Author: Thomas Wright
Paperback: 384 pages
Publisher: Holt Paperbacks; 1 edition (April 27, 2010)
This intimate account of Oscar Wilde's life and writings is richer, livelier, and more personal than any book available about the brilliant writer, revealing a man who built himself out of books. His library was his reality, the source of so much that was vital to his life. A reader first, his readerly encounters, out of all of life's pursuits, are seen to be as significant as his most important relationships with friends, family, or lovers. Wilde's library, which Thomas Wright spent twenty years reading, provides the intellectual (and emotional) climate at the core of this deeply engaging portrait.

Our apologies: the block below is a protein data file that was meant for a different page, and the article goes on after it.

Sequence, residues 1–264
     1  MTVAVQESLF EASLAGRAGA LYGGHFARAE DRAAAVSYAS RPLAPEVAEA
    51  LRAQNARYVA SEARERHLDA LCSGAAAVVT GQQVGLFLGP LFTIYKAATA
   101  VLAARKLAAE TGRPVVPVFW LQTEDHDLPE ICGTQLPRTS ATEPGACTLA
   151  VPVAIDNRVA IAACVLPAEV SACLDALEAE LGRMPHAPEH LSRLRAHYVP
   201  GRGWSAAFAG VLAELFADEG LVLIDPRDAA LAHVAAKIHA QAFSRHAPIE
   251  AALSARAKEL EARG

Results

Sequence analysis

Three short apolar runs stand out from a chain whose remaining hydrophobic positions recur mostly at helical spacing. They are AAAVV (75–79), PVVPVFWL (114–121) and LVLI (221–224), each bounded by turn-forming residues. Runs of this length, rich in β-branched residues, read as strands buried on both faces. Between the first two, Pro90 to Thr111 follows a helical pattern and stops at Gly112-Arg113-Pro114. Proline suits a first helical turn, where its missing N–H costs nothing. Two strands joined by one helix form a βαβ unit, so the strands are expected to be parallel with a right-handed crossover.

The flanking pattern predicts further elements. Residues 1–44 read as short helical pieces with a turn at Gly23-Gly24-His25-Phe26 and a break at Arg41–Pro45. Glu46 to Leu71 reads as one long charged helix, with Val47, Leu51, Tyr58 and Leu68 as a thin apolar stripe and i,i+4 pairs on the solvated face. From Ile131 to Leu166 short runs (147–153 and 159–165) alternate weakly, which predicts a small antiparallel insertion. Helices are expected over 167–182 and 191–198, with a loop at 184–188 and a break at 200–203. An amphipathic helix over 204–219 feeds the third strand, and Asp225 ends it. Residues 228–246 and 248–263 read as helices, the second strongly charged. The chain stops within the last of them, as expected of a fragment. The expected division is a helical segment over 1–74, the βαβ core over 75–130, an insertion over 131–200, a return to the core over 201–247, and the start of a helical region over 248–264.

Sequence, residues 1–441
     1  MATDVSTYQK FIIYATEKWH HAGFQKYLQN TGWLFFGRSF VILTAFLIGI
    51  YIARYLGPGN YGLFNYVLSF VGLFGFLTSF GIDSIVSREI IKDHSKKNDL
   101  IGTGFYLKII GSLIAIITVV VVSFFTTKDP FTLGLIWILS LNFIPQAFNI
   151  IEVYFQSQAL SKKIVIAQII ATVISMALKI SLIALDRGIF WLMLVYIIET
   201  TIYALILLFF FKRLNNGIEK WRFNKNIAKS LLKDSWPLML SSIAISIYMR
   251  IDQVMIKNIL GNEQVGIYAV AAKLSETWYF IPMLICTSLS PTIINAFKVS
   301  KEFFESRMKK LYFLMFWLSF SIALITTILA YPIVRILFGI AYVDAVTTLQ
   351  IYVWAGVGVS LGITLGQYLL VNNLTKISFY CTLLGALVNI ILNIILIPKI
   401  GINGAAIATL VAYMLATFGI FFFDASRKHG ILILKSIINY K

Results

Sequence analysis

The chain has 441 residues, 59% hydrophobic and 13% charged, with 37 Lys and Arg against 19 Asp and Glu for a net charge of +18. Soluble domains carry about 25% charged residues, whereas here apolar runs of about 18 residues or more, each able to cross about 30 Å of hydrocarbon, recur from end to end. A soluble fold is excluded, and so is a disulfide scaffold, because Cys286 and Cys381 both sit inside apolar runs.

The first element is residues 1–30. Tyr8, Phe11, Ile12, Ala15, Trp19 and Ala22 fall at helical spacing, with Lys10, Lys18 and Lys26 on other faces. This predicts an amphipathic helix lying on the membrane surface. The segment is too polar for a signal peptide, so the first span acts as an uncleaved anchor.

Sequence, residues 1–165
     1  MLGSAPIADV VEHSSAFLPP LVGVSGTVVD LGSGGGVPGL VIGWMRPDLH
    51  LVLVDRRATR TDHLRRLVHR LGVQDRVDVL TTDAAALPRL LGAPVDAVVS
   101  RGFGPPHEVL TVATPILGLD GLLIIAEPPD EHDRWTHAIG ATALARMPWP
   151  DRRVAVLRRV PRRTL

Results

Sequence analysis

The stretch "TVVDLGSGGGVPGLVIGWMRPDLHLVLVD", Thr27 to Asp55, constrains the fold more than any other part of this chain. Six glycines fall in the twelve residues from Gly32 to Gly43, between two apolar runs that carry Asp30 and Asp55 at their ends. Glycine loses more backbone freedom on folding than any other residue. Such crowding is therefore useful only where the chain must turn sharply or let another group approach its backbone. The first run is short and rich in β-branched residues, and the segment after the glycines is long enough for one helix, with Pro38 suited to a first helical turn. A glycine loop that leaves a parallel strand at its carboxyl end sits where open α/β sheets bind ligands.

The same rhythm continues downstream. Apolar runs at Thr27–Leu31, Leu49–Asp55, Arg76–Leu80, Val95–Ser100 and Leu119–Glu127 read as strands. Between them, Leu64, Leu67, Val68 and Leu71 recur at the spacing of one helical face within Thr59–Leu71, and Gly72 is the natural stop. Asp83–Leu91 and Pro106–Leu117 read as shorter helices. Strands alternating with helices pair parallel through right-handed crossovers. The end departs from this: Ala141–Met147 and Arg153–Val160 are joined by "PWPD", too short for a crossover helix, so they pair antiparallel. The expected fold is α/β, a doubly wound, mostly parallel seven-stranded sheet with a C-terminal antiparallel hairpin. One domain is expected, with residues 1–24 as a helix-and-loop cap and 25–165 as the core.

One of the book's happiest surprises is the story of the author's adventure reading Wilde's library. Reminiscent of Jorge Luis Borges's fictional hero who enters Cervantes's mind by saturating himself in the culture of sixteenth-century Spain, Wright employs Wilde as his own Virgilian guide to world literature. We come to understand how reading can be an extremely sensual experience, producing a physical as well as a spiritual delight.
An excellent overview of the life of Oscar Wilde. 5 stars*****
(Thank you to Henry Holt and Company for my review copy!)